Can I win a beauty pageant?

Can I win a beauty pageant?

Can I win a beauty pageant?

Humiliating myself for fun and profit.
July 8 2004 1:46 PM

There She Is, Mrs. America. …

Will they really let me compete in a beauty pageant?

(Continued from Page 1)

Fortunately, the Mrs. America contest required no talent—I was terrified I'd have to reprise my mime act from a previous Human Guinea Pig. But there were significant financial obligations: an entry fee of $500 and an ad in the pageant program—$300 half-page, $500 full-page. Laurett said she could refer me to a photographer for my head shot (estimate: $300) and a pageant dress shop where I could purchase my evening gown (estimate: $500), interview outfit (estimate: $400), and bathing suit (estimate: $80).

Now it was my turn to gasp. Not at the prices, but at the realization there was a bathing suit competition. I thought having a bathing suit competition in the Mrs. America contest was perverse. Go to the beach and take a look at the families. You will conclude the point of marriage is not companionship or reproduction but never having to worry anymore about looking good in a bathing suit. Leave the displays of nubile sexuality to the Miss contests. A Mrs. pageant should consist of maneuvering a minivan, saying "Go brush your teeth," and modeling flannel nightgowns.


There's always one contestant in any beauty pageant who gives great pleasure by allowing the audience to wonder how this bow-wow ever got in. That contestant was about to be me.

"Don't worry, you'll get a suit that totally sucks everything in," Laurett said when she saw the look on my face. A suit that could suck everything in would have to compress my midriff to such density that matter might collapse in on itself and I might become a black hole. I didn't think they sold these in department stores.

I do not normally parade around in front of strangers wearing a bathing suit and 5-inch heels; in fact, I do not normally wear a bathing suit even to go swimming. In recent years I have taken to putting on a spandex gym outfit and lying, "Oh, I left my suit at home." Perhaps I was taking my mandate to humiliate myself too far.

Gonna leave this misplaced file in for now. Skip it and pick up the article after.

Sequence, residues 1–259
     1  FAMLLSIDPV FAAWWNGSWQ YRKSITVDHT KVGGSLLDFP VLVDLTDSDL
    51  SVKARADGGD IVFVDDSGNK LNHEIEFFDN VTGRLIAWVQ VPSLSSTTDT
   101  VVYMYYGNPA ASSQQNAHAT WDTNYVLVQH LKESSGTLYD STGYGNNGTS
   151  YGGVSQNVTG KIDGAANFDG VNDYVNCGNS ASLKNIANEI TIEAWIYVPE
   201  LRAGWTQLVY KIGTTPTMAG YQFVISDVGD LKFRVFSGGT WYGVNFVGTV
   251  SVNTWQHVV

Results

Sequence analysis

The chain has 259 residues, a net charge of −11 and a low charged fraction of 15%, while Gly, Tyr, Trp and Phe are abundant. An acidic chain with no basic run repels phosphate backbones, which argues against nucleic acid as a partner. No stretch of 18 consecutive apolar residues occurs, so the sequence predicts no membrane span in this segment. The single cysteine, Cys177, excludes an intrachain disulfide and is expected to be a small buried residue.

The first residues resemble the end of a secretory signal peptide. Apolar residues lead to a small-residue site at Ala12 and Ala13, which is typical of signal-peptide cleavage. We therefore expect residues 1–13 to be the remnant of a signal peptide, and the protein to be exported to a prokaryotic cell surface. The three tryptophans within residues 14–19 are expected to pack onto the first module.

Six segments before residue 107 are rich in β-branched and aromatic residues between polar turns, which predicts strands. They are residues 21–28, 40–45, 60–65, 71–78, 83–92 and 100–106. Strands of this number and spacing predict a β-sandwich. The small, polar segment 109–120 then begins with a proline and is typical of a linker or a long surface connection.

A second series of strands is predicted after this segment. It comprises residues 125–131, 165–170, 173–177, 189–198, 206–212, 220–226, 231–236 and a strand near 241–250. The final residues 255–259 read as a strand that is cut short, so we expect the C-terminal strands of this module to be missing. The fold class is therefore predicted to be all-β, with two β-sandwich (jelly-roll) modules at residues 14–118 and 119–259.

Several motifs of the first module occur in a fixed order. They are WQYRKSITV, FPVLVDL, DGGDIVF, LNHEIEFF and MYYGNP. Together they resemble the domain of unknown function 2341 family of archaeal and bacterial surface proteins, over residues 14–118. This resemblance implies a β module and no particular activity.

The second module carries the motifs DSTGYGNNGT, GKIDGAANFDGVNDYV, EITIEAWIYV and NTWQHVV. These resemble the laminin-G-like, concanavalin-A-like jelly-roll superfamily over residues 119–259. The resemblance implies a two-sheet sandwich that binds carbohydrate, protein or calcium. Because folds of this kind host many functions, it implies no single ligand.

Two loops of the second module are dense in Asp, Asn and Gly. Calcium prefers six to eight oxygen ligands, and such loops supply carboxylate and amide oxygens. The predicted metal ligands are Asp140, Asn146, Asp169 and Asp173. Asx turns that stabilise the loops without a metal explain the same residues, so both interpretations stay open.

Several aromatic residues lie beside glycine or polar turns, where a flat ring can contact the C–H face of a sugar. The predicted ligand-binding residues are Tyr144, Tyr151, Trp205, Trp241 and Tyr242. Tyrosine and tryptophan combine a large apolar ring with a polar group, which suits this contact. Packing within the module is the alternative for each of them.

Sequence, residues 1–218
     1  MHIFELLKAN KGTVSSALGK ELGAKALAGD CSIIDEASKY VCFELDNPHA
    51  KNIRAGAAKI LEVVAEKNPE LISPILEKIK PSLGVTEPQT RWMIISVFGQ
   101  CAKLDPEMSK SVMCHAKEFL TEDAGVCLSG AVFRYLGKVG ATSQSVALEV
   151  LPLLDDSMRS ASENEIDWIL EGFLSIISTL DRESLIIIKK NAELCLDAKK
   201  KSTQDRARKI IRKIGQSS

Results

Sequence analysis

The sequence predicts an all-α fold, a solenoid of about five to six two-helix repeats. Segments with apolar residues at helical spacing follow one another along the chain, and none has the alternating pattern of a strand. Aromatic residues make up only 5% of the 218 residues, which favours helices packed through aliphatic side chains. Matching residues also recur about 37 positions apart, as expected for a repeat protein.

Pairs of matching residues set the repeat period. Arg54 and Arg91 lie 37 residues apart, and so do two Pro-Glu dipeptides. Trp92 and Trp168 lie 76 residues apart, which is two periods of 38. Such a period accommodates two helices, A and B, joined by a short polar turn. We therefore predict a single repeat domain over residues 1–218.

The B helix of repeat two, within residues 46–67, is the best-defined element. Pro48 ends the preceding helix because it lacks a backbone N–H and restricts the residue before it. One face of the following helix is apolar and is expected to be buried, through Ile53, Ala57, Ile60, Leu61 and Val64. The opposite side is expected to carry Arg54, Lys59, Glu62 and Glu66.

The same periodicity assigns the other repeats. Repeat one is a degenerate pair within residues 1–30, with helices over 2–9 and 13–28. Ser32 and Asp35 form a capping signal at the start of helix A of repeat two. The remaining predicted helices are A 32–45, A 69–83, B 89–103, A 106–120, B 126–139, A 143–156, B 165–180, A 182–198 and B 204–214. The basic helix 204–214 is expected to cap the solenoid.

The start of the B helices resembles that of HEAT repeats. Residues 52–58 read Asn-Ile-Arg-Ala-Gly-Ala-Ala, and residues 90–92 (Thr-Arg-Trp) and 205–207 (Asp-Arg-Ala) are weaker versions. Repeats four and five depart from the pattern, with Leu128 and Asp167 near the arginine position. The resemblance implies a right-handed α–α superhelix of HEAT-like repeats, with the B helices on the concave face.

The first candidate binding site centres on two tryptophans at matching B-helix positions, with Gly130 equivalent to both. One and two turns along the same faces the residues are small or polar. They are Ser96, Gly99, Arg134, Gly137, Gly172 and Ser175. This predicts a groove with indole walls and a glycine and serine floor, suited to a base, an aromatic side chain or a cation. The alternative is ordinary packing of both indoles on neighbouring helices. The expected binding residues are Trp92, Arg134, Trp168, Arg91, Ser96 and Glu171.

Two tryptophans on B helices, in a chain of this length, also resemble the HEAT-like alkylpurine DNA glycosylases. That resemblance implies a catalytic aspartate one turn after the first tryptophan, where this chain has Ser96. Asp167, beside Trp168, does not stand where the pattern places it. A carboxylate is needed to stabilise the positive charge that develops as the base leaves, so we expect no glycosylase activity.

Laurett explained there were two approaches to the pageant. If you want to win, you hire her and have her coach you to stardom. "Or you just do it on your own and see what happens." I told her I'd take the see-what-happens approach. Slate agreed to pay for my entry fee and the ad (the photograph was taken for free by my editor), but I was on my own for the clothing. The whole prospect was so daunting I let weeks go by without doing anything, including losing weight.

I was intimidated by the heights set by previous Mrs. D.C.s. The most famous is 2001 titleholder Omarosa Manigault-Stallworth, who emerged as the beautiful villainess on the get-hired-by-Donald Trump reality show, The Apprentice. The current titleholder was Dr. Chiann Fan-Gibson, a stunning, golden-blond, Asian-American dentist who finished fifth at nationals.

Realizing the pageant was a week away and I had not heard from Laurett, I gave her a call. (It turned out that my spam filter had been deleting all her e-mails.) She sounded a little panicked when I admitted I had yet to get my gown or bathing suit. I asked her how many competitors had entered Mrs. Washington, D.C. She had told me previously that two or three other Mrses. were interested.

"Why do you ask?" she said.

"I'm just curious," I replied.

"You're the only one. You're going to be crowned. Look, I need you to do your all and be your best," she said sternly. Then perhaps realizing she was not exuding the kind of encouragement a pageant director should convey to her sole contestant, she put on her professionally sunny voice and added, "It was meant to be for you."